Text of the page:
Exhibit houses Adas Israel family heirlooms

Maurice Shohet’s family artifacts are part of a revolving exhibit of heirlooms belonging to Adas Israel Congregation families. Photo by Dan Schere.

Hebrew books from the 19th century. A fraying scroll of Esther and a silver Kiddush cup used at weddings. These and other objects tell the story of how Jews in Baghdad lived 150 years ago. They also tell the story of Maurice Shohet’s family.

The Iraqi Jewish community “goes back thousands of years,” Shohet says. “Since the Babylonian exile.”

Shohet’s artifacts are part of a revolving exhibit of heirlooms belonging to Adas Israel Congregation’s families and displayed in the Conservative congregation’s Avraham Biran Beit Midrash, its study hall.

The exhibit began about five years ago after the Washington congregation renovated. Herlene Nagler, a board member, decided to turn part of the beit midrash into a gallery showcasing the family history of congregants.

“Because we’re such a big synagogue, we realized we needed more personal connections, and one way to do that is for members to share something personal about them,” she says.

Shohet’s Iraqi roots date back 250 years. His grandparents left Iraq for Israel in the 1950s. In 1970, Shohet was one of 13 family members to flee Iraq for Iran. They later moved to Israel and, in 1981, the United States.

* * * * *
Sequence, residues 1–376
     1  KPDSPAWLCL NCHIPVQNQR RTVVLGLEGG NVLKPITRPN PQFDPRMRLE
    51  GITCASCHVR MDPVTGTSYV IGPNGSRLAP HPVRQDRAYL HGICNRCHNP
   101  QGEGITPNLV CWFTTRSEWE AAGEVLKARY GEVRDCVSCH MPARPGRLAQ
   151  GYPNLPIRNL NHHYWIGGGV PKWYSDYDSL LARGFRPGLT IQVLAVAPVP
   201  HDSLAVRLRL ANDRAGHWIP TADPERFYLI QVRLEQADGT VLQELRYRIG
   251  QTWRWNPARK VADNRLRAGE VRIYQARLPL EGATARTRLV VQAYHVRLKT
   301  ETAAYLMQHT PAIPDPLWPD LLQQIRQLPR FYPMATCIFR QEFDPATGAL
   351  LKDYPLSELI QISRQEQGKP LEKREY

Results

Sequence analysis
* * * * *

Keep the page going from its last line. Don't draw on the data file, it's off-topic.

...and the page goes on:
Shohet says he wanted to share his family items with the congregation because they help tell the larger story of the Iraqi Jewish community to the largely Ashkenazi synagogue.

He loaned some of his items to the National Archives in 2013 as an addition to a collection of Iraqi Jewish artifacts that U.S. forces found in leader Saddam Hussein’s intelligence headquarters during the conquest of Iraq.

Shohet says he preserves his family’s fraying books in a cabinet with a light-blocking screen. It was worth the trouble to save them, he said.

“The fact that these are religious books used by my grandfather, I found unique,” he says.

Also in the Adas Israel exhibit are a silverware set and a Kiddush cup from Shohet’s parents’ wedding in the 1940s. Shohet used the cup in his own wedding. There are also several family photos, including ones of his great-grandparents, grandparents and brothers, as well as one from his bar mitzvah in the 1960s.

“I wanted to reflect the history of the [Iraqi Jewish] community through items and pictures,” he says.

dschere@midatlanticmedia.com

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